If separate oil sump level and pressure equalizing lines are provided to interconnect the oil sumps of each compressor in a multiple compressor system, a portion of the suction gas flowing through the system's common suction manifold diverts through the suction port of an inactive compressor and then into the operating compressors through the pressure equalizing line, reducing the flow of cooling suction gas through the motors of the operating compressors in the system.
Even a small pressure differential between the oil sumps of parallel connected compressors, caused for example by pressure drop due to fluid flow in a pressure equalizing line may cause oil level problems. One p.s.i. of differential pressure is approximately equal to the head pressure of a 30" oil column. Thus, a relatively small pressure differential in the oil sumps, e.g. 0.25 p.s.i., may force a substantial quantity of oil out of a compressor with a higher sump pressure, possibly flooding a compressor with lower sump pressure.
In attempting to solve the lubricant distribution problem in parallel connected compressors, valves have been added to the oil level equalizing line to control oil flow between the oil sumps. For example, U.S. Pat. No. 2,294,552 discloses a float valve disposed in an oil equalizing line, and in a second embodiment, further discloses a valve actuated by differential pressure between the crankcases of the interconnected compressors. Both embodiments allow oil to flow between the crankcases of two compressors until a level in one reaches a minimum safe level, at which point, the valve closes to prevent any further lubricant flow and to prevent refrigerant fluid from flowing through the oil equalizing line.
One drawback of the lubricant handling scheme of the U.S. Pat. No. 2,294,552 patent is that the oil level in each of the two connected compressors varies between a minimum level and a maximum level that exceeds the "normal" level by an amount equal to the difference between the normal and the minimum levels. If three compressors were connected in parallel using this approach, the oil level in any one of the compressors might vary from a minimum level, to a maximum level that is a two times this difference above normal level. This would require an excessively large oil sump in each compressor to accommodate the volumetric changes in the lubricant level while providing adequate lubrication under all operating conditions. Clearly, the above noted scheme is not well suited for use on a system having more than two compressors connected in parallel. In addition, it is not well suited to an application wherein compressors of substantially different size are selectively operated in a parallel system, because the smaller compressor oil sump might not be capable of holding all the oil received from the larger compressor.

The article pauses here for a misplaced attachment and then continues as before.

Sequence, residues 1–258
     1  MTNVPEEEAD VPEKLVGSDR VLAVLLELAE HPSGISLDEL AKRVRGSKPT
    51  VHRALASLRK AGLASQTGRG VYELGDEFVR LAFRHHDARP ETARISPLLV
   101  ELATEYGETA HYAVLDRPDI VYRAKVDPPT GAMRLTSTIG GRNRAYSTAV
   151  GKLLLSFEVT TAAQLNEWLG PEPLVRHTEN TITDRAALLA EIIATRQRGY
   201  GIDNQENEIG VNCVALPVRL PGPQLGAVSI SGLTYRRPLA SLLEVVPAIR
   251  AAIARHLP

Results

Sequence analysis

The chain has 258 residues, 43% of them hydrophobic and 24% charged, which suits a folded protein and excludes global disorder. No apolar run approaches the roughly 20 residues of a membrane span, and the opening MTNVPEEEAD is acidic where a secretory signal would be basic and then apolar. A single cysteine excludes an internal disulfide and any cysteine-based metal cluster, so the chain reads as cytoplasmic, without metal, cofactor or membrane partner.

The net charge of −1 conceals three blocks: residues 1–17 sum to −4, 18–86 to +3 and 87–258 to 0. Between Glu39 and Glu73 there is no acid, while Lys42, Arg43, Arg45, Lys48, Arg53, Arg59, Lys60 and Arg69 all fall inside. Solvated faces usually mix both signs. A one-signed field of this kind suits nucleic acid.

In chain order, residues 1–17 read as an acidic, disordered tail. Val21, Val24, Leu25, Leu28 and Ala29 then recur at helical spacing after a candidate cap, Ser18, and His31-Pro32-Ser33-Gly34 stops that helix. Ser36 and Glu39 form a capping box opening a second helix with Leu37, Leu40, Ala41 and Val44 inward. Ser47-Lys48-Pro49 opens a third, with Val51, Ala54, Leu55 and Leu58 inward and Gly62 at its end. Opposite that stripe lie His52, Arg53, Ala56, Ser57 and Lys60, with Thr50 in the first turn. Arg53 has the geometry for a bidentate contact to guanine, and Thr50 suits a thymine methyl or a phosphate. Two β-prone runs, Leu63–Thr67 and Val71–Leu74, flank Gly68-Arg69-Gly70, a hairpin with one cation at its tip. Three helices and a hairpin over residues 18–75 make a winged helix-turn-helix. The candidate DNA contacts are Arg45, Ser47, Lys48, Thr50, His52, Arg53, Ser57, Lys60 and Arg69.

In consideration of the problems noted above, it is an object of the present invention to maintain adequate lubricant levels in the oil sumps of a plurality of parallel connected compressors.
A further object of the invention is to prevent fluid flow through an inactive compressor.
Yet a further object is to isolate a compressor that is inactive from the system suction and discharge manifolds.
Still a further object of the invention is to equalize pressure and oil levels in the oil sumps of the compressors while avoiding flow of suction gas through the oil sump of any inactive compressor.
These and other objects of the invention will be apparent from reference to the attached drawings and the description of the preferred embodiment that follows hereinbelow.
In a system having a plurality of parallel connected compressors, a method and apparatus are disclosed for isolating from common system suction and discharge lines, one of the compressors that is inactive. The apparatus includes a check valve disposed in a discharge line which connects a discharge port on the compressor to the system discharge line. This check valve is oriented to permit fluid flow out of the discharge port of the compressor, while preventing fluid flow in the opposite direction.